Interpreting standard errors as confidence intervals

August 17, 2011 – 6:42 pm

A lot of people don’t realize that standard errors can be interpreted as confidence intervals that vary in the confidence level depending on sample size. And what better way to get the word out than on my widely read blog? Knowing that these two concepts are closely related can help to interpret graphs on which people use standard errors. Here’s a handy table:

  n    CI
  1 50.00
  2 57.73
  3 60.89
  4 62.60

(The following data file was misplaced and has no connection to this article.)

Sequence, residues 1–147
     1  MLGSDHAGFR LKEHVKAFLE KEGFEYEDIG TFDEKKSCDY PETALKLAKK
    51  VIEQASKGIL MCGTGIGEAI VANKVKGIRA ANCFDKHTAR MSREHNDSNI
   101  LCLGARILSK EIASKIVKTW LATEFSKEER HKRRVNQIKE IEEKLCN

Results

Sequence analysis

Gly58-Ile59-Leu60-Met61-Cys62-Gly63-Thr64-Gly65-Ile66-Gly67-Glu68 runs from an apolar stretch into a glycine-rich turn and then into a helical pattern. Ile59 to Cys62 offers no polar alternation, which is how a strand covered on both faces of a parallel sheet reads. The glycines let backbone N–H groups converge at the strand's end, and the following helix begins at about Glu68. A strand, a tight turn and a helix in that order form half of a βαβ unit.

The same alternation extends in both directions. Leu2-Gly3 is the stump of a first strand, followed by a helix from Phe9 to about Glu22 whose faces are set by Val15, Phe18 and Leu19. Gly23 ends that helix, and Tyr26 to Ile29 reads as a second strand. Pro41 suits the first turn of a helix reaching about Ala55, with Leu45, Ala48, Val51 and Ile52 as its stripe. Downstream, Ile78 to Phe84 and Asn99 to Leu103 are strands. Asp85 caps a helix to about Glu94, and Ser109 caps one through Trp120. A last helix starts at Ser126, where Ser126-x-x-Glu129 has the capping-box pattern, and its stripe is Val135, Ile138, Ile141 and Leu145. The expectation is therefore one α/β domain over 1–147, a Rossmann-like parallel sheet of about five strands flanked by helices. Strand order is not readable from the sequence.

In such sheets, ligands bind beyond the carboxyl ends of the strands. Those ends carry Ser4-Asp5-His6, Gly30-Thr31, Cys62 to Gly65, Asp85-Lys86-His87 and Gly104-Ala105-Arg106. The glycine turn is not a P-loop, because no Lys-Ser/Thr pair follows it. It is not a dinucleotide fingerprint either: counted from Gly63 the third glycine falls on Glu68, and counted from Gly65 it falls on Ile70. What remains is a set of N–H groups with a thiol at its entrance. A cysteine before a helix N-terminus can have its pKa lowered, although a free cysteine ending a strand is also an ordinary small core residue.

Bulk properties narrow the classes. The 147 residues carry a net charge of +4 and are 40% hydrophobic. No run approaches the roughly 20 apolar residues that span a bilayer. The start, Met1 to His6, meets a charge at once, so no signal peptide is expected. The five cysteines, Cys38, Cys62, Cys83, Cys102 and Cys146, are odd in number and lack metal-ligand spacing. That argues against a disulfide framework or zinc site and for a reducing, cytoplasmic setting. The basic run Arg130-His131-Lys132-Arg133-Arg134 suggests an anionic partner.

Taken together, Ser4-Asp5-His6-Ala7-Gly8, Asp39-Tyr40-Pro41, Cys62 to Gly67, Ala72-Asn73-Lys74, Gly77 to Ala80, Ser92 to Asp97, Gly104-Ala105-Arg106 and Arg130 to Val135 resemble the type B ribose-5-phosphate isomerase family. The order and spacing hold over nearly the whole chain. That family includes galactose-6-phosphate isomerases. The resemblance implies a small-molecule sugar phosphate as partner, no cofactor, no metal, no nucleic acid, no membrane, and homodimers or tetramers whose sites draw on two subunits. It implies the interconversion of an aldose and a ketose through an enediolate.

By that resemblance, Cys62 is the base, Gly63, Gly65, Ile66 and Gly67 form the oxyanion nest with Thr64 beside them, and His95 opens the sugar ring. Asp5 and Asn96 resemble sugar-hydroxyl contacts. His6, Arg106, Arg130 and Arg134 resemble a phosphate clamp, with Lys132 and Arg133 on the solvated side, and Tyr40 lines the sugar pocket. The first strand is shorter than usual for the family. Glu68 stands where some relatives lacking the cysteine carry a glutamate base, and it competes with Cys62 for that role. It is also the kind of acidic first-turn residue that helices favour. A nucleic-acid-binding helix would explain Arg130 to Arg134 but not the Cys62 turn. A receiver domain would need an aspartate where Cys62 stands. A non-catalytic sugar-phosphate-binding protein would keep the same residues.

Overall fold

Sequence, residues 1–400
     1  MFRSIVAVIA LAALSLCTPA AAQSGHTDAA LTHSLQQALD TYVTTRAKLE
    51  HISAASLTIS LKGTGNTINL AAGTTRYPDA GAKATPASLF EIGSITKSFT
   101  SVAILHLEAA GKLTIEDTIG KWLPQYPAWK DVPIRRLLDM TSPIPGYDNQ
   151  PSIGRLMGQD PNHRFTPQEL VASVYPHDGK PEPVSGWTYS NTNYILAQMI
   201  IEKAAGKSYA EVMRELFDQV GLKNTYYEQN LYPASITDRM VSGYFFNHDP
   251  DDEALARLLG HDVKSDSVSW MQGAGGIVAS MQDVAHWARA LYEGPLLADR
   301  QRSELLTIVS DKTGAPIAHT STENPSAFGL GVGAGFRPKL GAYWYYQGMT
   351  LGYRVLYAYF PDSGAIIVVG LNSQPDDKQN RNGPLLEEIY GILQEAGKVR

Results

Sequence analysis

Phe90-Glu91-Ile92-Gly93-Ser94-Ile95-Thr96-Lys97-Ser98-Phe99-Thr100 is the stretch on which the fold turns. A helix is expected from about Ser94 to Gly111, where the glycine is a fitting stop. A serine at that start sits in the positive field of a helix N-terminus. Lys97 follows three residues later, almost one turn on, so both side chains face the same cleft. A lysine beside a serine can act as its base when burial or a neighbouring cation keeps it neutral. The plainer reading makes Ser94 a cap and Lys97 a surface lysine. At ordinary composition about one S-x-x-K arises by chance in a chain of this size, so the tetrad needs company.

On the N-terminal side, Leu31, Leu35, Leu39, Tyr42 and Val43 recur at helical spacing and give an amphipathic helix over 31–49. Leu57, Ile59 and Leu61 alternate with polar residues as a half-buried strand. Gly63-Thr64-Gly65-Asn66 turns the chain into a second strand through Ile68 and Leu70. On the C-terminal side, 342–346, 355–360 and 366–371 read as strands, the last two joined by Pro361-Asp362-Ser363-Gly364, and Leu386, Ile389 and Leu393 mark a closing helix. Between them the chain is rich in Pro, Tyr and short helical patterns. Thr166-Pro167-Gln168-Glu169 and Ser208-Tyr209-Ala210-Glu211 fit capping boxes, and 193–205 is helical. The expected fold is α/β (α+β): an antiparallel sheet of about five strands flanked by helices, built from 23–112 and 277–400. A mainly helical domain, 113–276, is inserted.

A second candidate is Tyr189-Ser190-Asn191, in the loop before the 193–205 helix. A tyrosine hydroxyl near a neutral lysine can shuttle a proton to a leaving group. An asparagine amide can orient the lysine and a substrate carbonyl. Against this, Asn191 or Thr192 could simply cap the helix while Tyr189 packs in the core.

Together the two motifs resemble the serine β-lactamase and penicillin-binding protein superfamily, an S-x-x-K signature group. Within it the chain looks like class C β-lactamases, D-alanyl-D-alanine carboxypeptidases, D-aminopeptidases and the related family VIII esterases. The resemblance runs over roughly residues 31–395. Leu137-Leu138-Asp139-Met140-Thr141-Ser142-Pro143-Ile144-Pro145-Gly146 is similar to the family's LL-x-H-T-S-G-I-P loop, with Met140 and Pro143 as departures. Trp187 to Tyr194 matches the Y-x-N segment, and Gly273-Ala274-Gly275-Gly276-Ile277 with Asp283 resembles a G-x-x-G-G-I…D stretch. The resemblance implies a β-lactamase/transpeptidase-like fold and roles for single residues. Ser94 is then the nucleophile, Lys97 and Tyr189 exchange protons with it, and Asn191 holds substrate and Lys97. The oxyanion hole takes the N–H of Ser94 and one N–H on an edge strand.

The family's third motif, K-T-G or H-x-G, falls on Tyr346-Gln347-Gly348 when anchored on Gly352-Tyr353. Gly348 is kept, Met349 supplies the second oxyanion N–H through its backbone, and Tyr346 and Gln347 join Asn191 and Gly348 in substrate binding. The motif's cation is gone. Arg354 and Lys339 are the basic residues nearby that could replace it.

5 63.67
  6 64.40
  7 64.93
  8 65.34
  9 65.65
 10 65.91
 15 66.68
 20 67.07
 50 67.78
100 68.02
Inf 68.26

So, if your sample size is 3, your standard error will represent a 61% confidence interval. If your sample size is 100, it will represent a 68% confidence interval. So, if sample size is not equal between groups on a graph,┬ástandard errors will represent confidence intervals of varying confidence. This is kind of a weird approach to graphing things when you think about it, but a few percent difference isn’t big enough to be important in most cases.

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  2. Sep 19, 2011: Anthony’s Science Blog » Blog Archive » Confidence intervals for repeated measures analysis in R

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